Skip to content


September 6, 2015

“Oh! I have slipped the surly bonds of Earth,
And danced the skies on laughter-silvered wings;
Sunward I’ve climbed, and joined the tumbling mirth
Of sun-split clouds, and done a hundred things
You have not dreamed of – wheeled and soared and swung
High in the sunlit silence. Hov’ring there
I’ve chased the shouting wind along, and flung
My eager craft through footless halls of air…
Up, up the long, delirious, burning blue
I’ve topped the wind-swept heights with easy grace
Where never lark or even eagle flew –
And, while with silent lifting mind I’ve trod
The high untrespassed sanctity of space,
Put out my hand, and touched the face of God.”

High Flight by John Gillespie Magee, Jr. [1]

Human beings have always been seekers. We have always been restless. We cannot help but wonder what may be found over the next horizon. New places call to us, and it is in our nature to respond.

So mankind migrated from continent to continent, crossing land bridges on foot, trackless wastes of ice by dog and reindeer sled, and vast oceans by canoe and longship. We learned to navigate by the stars, then realized the air was another realm to be conquered.

Kitty Hawk led to the Sea of Tranquility in less than 70 years. We broke the sound barrier, then what some have called the surly bonds of earth. Now our goal is farther still and we aim at the stars, themselves.

Even exploration on so grand a scale has not satisfied our restless curiosity. The search for something unseen, unknown, has inspired us to investigate the world around us on an atomic level, and the human body on a molecular level.

In the process, we have discovered the relationship between energy and matter, and the relationship between time and space. We have split the atom, and mapped the human genome.

And we have studied ourselves – giving rise to fields from anthropology and sociology to philosophy, psychology, and psychiatry. Still we seek new challenges, new frontiers.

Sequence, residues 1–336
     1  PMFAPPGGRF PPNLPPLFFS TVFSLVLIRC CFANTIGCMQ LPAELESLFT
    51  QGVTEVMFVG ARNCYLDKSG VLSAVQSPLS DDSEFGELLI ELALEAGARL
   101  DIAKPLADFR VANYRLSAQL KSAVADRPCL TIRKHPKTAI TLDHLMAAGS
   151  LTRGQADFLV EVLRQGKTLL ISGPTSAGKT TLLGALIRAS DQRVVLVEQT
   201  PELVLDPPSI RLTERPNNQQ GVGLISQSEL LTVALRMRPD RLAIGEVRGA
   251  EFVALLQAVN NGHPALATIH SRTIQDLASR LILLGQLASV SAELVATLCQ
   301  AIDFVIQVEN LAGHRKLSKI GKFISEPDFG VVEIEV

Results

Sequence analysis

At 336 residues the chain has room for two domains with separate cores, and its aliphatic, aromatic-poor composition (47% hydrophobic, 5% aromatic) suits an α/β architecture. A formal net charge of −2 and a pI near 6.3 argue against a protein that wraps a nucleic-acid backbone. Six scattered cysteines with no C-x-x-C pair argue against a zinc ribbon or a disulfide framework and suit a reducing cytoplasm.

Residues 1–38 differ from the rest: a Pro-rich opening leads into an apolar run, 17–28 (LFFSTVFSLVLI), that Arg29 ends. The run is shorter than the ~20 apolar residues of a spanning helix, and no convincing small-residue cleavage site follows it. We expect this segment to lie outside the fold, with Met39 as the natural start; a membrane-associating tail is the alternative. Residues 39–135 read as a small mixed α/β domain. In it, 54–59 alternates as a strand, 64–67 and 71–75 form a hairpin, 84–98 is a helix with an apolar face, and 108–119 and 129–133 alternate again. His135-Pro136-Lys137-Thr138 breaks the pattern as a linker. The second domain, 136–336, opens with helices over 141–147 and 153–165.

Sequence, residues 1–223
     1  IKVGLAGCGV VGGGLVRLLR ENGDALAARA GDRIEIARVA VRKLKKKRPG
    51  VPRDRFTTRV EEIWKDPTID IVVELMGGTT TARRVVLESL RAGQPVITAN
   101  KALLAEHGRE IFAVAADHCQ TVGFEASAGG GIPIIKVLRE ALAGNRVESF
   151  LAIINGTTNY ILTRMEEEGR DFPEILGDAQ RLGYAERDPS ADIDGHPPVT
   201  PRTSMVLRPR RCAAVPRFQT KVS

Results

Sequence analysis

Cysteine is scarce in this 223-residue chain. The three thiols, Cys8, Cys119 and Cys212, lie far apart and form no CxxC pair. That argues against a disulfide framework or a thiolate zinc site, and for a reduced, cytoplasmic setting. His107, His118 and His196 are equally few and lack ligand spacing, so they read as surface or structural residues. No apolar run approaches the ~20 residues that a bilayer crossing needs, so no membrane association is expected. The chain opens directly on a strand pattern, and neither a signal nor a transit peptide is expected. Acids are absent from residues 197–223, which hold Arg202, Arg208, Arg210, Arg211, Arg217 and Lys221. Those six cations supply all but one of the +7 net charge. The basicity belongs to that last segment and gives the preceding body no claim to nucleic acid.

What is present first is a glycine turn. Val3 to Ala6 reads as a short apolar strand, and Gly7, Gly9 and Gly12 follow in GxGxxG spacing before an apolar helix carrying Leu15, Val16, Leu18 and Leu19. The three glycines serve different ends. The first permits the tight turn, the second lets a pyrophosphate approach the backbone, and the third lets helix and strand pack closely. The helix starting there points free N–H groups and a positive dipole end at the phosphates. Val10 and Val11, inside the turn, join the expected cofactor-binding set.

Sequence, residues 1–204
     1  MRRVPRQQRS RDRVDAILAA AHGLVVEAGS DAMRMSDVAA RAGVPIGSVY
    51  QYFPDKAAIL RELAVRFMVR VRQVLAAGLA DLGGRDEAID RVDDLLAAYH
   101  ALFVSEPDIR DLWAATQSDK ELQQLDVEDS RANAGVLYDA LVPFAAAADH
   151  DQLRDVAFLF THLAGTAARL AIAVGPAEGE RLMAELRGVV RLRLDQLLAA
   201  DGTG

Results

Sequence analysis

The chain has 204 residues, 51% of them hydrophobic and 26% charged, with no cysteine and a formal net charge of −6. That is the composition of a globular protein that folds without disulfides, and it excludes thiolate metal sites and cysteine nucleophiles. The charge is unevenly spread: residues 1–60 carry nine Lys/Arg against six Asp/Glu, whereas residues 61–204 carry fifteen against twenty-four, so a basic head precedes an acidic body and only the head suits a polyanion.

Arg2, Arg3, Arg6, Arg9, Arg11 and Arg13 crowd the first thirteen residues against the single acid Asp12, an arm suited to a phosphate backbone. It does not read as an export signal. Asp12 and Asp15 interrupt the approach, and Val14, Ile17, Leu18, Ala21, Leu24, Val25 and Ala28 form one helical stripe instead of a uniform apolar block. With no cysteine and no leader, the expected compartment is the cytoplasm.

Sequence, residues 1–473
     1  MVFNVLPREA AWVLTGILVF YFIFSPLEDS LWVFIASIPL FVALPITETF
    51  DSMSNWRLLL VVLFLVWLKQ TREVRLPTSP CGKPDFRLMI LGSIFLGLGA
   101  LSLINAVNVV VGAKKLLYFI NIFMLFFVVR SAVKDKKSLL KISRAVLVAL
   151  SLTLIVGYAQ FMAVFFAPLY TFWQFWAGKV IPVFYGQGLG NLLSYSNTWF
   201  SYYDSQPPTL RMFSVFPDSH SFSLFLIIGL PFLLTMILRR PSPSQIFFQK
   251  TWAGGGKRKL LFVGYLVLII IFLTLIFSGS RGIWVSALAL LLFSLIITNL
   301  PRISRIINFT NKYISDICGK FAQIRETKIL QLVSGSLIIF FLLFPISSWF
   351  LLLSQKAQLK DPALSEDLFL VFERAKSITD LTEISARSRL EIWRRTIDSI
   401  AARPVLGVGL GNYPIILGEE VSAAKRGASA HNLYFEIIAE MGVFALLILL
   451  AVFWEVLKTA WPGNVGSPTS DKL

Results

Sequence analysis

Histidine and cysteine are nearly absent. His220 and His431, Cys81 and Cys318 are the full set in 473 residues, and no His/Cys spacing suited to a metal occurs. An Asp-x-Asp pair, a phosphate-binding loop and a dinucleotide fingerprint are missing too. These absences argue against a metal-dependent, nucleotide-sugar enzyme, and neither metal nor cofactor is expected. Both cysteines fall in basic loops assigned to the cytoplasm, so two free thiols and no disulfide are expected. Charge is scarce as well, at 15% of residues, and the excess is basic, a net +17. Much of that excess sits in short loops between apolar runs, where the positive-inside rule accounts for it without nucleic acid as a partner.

To varying degrees, the journey of exploration is replicated in each human life. We search for identity. We search for connection. We search for meaning and purpose…higher mountains to climb.

All this wandering – this wondering – is not pointless.  This searching has not been in vain. However much it may have benefited mankind, it is reflective of a greater longing.

And you will seek Me and find Me, when you search for Me with all your heart” (Jer. 29: 13).

[1] John Gillespie Magee, Jr. was a 19 year old World War II pilot serving in the Royal Canadian Air Force. He was killed in an aerial accident 4 months after having written High Flight.


From → Christian, Religion

  1. Thanks for the reminder of that wonderful poem, and the promise of God that we to will soar…

  2. That’s an interesting thought to ponder Anna. Is all of our looking in exploration of all these kinds just really us looking for God? Eh..maybe it’s us looking to replace God with our own skill, knowledge and ability. Was just reading Genesis 6 about Noah’s day when it mentions giants in the land. Many think that was really talking about men who were great leaders, intellects, and maybe pioneers of exploration. Kind of like the intellectual giants and leaders today.

    Now you have me thinking! Thank you! Great post and really fun to read as always.

Leave a Reply

Fill in your details below or click an icon to log in: Logo

You are commenting using your account. Log Out /  Change )

Facebook photo

You are commenting using your Facebook account. Log Out /  Change )

Connecting to %s

This site uses Akismet to reduce spam. Learn how your comment data is processed.

%d bloggers like this: